How to grow courgettes

How to grow courgettes

Learn how to sow, plant and grow courgettes, in this practical Grow Guide.

A table displaying which months are best to sow, plant and harvest.
Jan Feb Mar Apr May Jun Jul Aug Sep Oct Nov Dec

Do not Sow in January

Do not Sow in February

Do not Sow in March

Do Sow in April

Do Sow in May

Do Sow in June

Do not Sow in July

Do not Sow in August

Do not Sow in September

Do not Sow in October

Do not Sow in November

Do not Sow in December


Do not Plant in January

Do not Plant in February

Do not Plant in March

Do not Plant in April

Do Plant in May

Do Plant in June

Do not Plant in July

Do not Plant in August

Do not Plant in September

Do not Plant in October

Do not Plant in November

Do not Plant in December


Do not Harvest in January

Do not Harvest in February

Do not Harvest in March

Do not Harvest in April

Do not Harvest in May

Do not Harvest in June

Do Harvest in July

Do Harvest in August

Do Harvest in September

Do Harvest in October

Do not Harvest in November

Do not Harvest in December

  • Average Yield

    4.5kg per 3m row

  • Spacing

    90cm apart

    90cm between rows

  • Depth


Courgettes are easy to grow and highly productive plants, bearing masses of delicious, nutty courgettes for use in summer dishes and salads. Just two or three courgettes plants are enough to feed a family, or grow more to give to friends.


How to grow courgettes

Sow courgette seeds in April in pots of peat-free, multi-purpose compost. Pot on seedlings when they’re big enough to handle, and plant outside when all risk of frost has passed. Courgettes are hungry plants, so do well grown in soil enriched with plenty of well-rotted horse manure or compost. Water plants regularly and feed weekly with a high potash fertiliser such as tomato food. harvest courgettes when they are around 10cm long – leaving courgettes to grow larger will reduce the plant’s vigour and fruiting potential.

You can grow courgettes as companion plants with other crops such as beans and sweetcorn. In this video,  Monty Don plants a raised bed with tall, slow-growing sweetcorn, then fills the gaps with low-growing courgettes. As they both like the same growing conditions, they make good companions and will give you two crops in one bed:

More advice on growing courgettes:

How to grow courgettes from seed

Planting out young courgette plug plants

Sow courgette seeds indoors in mid-spring. Sow seeds in pots or module trays using moist, peat-free multi-purpose compost. For later crops, sow seeds outside in late spring.

When seedlings appear, move stronger ones to larger pots. Throw away weaker seedlings. Grow on indoors until ready to plant outside in late spring, after the last frost. Space plants 90cm apart, then mulch the surrounding soil generously to hold in moisture.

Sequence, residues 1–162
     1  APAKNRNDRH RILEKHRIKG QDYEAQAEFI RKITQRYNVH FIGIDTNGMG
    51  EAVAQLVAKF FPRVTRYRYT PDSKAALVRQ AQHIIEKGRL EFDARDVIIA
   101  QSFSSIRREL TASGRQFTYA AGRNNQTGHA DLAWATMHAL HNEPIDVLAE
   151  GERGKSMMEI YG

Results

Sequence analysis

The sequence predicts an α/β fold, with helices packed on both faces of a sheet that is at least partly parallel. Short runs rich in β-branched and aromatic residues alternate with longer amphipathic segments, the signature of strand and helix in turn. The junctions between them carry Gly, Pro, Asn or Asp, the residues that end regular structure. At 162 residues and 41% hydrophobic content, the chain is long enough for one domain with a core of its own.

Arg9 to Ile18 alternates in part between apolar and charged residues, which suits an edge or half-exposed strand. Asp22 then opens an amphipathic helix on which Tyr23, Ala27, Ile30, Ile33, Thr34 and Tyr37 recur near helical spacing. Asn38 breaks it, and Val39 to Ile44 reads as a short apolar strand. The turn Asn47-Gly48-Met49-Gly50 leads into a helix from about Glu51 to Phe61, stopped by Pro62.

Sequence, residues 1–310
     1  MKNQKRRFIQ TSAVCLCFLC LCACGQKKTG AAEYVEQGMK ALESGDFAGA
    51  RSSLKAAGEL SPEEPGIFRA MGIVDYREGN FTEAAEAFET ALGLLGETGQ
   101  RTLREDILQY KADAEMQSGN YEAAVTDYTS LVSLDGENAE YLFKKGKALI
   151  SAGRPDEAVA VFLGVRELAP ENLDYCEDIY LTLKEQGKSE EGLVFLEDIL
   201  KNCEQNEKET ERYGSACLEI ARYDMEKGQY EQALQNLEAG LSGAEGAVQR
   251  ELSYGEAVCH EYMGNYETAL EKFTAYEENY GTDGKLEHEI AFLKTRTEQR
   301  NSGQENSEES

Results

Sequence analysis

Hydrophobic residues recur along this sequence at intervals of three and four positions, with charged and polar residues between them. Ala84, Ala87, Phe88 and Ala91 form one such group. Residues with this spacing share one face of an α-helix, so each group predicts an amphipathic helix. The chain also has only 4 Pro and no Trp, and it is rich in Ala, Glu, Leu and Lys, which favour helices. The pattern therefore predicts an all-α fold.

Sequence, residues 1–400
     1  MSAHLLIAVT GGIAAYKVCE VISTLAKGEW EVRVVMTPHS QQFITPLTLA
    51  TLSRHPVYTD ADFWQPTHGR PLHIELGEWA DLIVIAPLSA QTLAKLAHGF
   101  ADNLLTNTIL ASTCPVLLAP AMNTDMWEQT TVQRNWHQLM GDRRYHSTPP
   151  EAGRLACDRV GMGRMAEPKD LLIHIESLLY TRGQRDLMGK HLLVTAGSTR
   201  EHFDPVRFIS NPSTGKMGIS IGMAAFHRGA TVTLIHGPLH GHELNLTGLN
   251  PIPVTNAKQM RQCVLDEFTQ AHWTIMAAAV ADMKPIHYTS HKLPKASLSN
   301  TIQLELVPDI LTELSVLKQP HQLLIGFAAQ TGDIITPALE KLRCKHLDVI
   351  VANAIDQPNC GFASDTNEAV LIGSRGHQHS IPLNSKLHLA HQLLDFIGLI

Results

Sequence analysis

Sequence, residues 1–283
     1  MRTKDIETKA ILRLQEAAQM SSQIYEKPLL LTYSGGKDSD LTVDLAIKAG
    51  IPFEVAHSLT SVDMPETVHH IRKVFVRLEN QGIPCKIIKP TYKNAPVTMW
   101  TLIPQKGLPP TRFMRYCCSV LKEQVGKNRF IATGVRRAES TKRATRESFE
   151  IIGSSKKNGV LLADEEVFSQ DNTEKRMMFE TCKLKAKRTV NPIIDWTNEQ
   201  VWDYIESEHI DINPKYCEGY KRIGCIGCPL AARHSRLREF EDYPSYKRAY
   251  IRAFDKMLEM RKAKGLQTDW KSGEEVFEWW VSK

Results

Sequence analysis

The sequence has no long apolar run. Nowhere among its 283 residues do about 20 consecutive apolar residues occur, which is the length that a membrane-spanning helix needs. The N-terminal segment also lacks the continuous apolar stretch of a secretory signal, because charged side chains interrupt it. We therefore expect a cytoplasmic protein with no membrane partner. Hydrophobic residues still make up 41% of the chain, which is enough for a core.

Watch Monty Don’s video guide to growing courgettes (and pumpkins) from seed:

If you don’t have the time or space to sow seeds indoors, then you can buy courgette plants from most garden centres in late spring.

How to care for courgette plants

Golden yellow courgette flowers
Golden yellow courgette flowers

Moisture is the key to success when growing courgettes. A constantly just-moist soil is essential if plants are to crop to their full potential. It’s therefore important to water courgettes regularly and apply a thick layer of mulch around the plants, to hold water in the soil.

In dry conditions, most varieties produce mainly non-fruiting male flowers. To encourage female (fruiting) flowers, water generously and regularly. Apply tomato fertiliser once a fortnight to promote growth and flowering.

In this video, Monty Don demonstrates how to plant out courgette plants, and offers tips on watering and feeding, for the best results:

Harvesting courgettes

How to grow courggetes - harvesting courgettes
How to grow courggetes – harvesting courgettes

Cut courgettes while they are small (about 10cm long is ideal), rather than leaving them to grow to the size of marrows – this will help to encourage more courgettes to develop over a longer period.

Watch Monty Don’s video guide to harvesting courgettes:

Growing courgettes: problem solving

Courgette rot is a common problem in damp weather. It often spreads from the faded flower into the end of the courgette itself. Never water plants from above – always direct water down onto the soil around the stem. Keep a close eye on plants during wet weather and remove any soggy flowers from the end of developing fruits. Deter slugs by putting crushed shells around the stem base, or use a biological pest control. Use wildlife-friendly slug pellets as a last resort.

Preparation and uses of courgettes

How to grow courgettes - cooking and preparing courgettes
How to grow courgettes – cooking and preparing courgettes

Courgettes can be steamed, fried or grilled. Spherical varieties are perfect for stuffing then baking.

Storing courgettes

Courgettes are best used fresh, but can be kept for a short period of time by storing in a cool, dry place. Alternatively, turn gluts into chutneys or pickles.

Try a climbing courgette

Although most courgettes trail along the ground, there are climbing varieties for those short of space. ‘Black Forest’ and ‘Tromboncino’ are easy to train up a stake, as long as they are regularly tied in as they grow.

Fresh courgettes

Great courgette varieties to grow

Harvested ripe courgettes on a table
Harvested ripe courgettes on a table
  • ‘Defender’ – a heavy cropper with green fruits and good disease resistance
  • ‘Gold Rush’ – with long, golden-yellow fruits
  • ‘One Ball’ – the vibrant yellow, spherical fruits have a creamy flesh
  • ‘Tondo di Nizza’ – tennis ball-sized, pale green fruit
  • ‘Venus’ – a compact patio variety, ideal in pots
  • ‘Zucchini’ – prolific, classic green courgette
  • ‘Ambassador’ – high-yielding variety, bears dark green fruit with a crisp white flesh, over a long season.